The centerpiece panel presentation will take place virtually at 3:30 p.m. via Zoom, and will feature Connie Schultz, a Pulitzer-Prize winning, nationally syndicated columnist with Creators Syndicate; Oswego alumna Michelle Garcia, editorial manager of NBC News’ NBC BLK, which which tells stories by, for and about the Black community; Bret Jaspers, politics reporter for KERA Public Media in Dallas-Fort Worth; Steve Brown, investigative reporter at WGRZ in Buffalo; and Ava Lubell, a Legal Fellow at the Cornell Law School First Amendment Clinic. Communication studies faculty member Michael Riecke will serve as moderator.
Student co-directors Mikayla Green and Benjamin Grieco noted that when they and the rest of the team were looking at themes for the 16th annual summit, they watched the world in which journalists operate change so much in a few months, as the press adapted to covering and telling the stories of COVID-19, the Black Lives Matter movement, the upcoming election and so many compelling, fast-moving stories.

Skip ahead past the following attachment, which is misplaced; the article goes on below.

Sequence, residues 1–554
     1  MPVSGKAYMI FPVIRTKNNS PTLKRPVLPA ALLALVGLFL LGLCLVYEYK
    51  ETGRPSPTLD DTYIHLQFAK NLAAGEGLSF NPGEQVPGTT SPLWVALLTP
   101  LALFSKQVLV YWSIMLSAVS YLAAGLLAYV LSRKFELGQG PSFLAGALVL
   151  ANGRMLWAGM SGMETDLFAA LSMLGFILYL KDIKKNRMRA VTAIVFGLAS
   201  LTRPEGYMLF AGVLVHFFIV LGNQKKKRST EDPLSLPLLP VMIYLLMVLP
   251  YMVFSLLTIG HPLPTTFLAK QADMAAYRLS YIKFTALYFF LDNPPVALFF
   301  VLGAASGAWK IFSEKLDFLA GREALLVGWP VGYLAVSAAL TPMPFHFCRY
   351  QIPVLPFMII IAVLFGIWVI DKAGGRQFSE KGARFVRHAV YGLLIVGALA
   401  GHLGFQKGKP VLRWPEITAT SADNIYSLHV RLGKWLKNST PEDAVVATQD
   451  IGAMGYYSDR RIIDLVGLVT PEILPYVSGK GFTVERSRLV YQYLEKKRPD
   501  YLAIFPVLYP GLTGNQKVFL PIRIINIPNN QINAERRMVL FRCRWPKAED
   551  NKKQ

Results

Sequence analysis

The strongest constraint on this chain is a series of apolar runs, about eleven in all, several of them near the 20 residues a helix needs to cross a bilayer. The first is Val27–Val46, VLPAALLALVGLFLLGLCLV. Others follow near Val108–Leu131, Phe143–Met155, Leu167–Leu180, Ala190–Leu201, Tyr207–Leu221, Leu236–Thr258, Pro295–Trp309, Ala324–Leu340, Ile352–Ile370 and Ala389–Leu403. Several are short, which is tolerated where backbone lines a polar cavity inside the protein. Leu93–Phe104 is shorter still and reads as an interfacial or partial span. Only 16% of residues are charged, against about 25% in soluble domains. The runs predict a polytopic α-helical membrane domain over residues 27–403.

“We were told to aim high,” said Grieco, a senior journalism major and editor in chief of The Oswegonian. “Our guests don’t have to travel, which makes it easier. We could ask, ‘Do you have four hours to talk to these students who are really interested in what you have to say?’”
Especially with the summit coming just days before such a pivotal election, the virtual arrangement helped secure a high caliber of participants, they noted.
A popular panelist at a previous summit, Schultz also is a Professional in Residence at Kent State University School of Journalism. She won the Pulitzer Prize in 2005 for Commentary for columns that judges praised for providing “a voice for the underdog and the underprivileged.” She also won the Robert F. Kennedy Award for Social Justice Reporting and the Batten Medal, which honors “a body of journalistic work that reflects compassion, courage, humanity and a deep concern for the underdog.” Schultz is the author of three books published by Random House, plus her first novel, “The Daughters of Erietown,” a New York Times bestseller.